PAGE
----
Journalists Google "babies for sale".
By Carlos Arrazola
GUATEMALA CITY -- The work of some journalists and a Spanish NGO that unmasked a ring adopting out Guatemalan children on the Internet has become the key evidence in a court trial in this Central American country.
The testimony of Armando Lusquiños and two journalists who carried out an investigation of groups engaged in the business of illegal adoptions in Guatemala could send to jail two mothers who put their children up for sale.
"It was very easy to find these people. We only had to search the Web for a few minutes to find these women offering to sell children," Lusquiños told Efe after giving testimony before the Guatemalan Attorney General's Office on the way this gang operates.
Lusquiños, who directs the Spanish non-governmental organization Gaudium Paidos, which sponsors care programs for unprotected children in Latin America, was alerted by journalists from Spain's Telecinco television that is investigating the scheme.
"They know that in Gaudium Paidos we are working on several projects in Guatemala, which is why they asked me to collaborate with them to unmask this mafia," he said.
During August and September, the journalists, who passed themselves off as a Spanish couple in the market to "buy" a baby, kept up communications by e-mail and video conferences with the Guatemalans Evelyn Garcia and Gloria Giron, who in exchange for $5,000 (just under 4,000 euros) offered a 2-year-old child.
"The little boy they sold us is Marlon, supposedly the son of Gloria, who was pregnant, but they also put up for sale the baby she was expecting," Lusquiños said.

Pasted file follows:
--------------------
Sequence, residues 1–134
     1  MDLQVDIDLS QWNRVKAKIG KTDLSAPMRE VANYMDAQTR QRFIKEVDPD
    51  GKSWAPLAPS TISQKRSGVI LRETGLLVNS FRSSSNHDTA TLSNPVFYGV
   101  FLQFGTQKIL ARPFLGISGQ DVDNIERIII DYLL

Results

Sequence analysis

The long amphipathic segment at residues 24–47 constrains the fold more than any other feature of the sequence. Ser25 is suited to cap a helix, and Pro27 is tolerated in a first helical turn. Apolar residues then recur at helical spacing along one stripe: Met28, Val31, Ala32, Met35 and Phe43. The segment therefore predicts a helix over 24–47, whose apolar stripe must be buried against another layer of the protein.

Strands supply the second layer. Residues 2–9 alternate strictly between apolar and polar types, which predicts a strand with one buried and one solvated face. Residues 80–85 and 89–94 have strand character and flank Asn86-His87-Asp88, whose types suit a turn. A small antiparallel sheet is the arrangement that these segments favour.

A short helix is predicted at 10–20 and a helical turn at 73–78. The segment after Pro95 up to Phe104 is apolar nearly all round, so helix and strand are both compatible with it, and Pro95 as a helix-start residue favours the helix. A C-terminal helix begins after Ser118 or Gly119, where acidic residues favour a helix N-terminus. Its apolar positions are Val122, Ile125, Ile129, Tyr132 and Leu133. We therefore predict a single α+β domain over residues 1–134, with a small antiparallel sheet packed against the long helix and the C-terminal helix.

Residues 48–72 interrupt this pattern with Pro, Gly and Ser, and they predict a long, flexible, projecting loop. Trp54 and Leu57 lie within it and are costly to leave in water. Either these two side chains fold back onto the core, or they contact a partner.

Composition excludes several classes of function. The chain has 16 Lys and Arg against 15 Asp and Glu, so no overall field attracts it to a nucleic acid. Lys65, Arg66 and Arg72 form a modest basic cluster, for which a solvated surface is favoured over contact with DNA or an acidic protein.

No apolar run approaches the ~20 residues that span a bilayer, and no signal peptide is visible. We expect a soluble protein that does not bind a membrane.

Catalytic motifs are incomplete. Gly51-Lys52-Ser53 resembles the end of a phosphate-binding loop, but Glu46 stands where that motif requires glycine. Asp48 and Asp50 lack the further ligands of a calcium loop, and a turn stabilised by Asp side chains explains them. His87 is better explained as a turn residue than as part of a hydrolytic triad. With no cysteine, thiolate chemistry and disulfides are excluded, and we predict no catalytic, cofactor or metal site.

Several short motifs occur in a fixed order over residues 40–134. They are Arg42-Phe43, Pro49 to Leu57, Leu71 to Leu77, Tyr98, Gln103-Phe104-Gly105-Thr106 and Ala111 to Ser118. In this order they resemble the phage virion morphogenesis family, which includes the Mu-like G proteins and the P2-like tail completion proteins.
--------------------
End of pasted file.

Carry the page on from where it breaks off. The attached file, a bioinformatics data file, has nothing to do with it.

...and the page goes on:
To win the women's confidence, the journalists sent money to Gloria for prenatal check-ups, and pretended to be carrying out procedures for the two women and Marlon to travel to Spain to close the deal.
With the e-mails and recordings of the video conferences in his possession, Lusquiños contacted the Casa Alianza, a Guatemalan affiliate of U.S.-based children's charity Covenant House, which filed a criminal complaint against the women.
The story of the adoption ring was aired in Spain by Telecinco in the first days of October, just when the Guatemalan judge issued and arrest warrant for the women.
Evelyn and Gloria were arrested Oct. 4 in Guatemala City on charges of people trafficking and crimes against infancy, but they were scarcely in prison for a month.
Last week a judge released the pair on bail of $800 each.
"It's infuriating that despite the evidence presented, these women have been freed even though they make money off their own children," said Lusquiños, who asked the Guatemalan AG's office to be accepted as a plaintiff "in order that justice be done in this case, and to set a precedent against these mafias."
A source at the AG's office told Efe that "it is preparing to appeal the bail" so the women can't flee the country, and "will do everything possible" to keep Marlon, currently under state protection, from being given back to his mother.
To complete the investigation, the AG's office has asked for a statement from the Spanish journalists that carried out the investigation, whose names were not revealed.
"If it is indispensable, they (the journalists) will travel to give testimony in Guatemala; if not, they'll do it through the Guatemalan Embassy in Spain. What's important is that they are available to collaborate," he said.
Illegal adoptions in Guatemala up to last January brought in more than $200 million a year and put up for adoption more than 5,000 children, 90 percent of them to U.S. couples.
Since January, there has been the congressionally mandated National Adoptions Council to regulate and control the adoption process and put an end to the illicit trade. EFE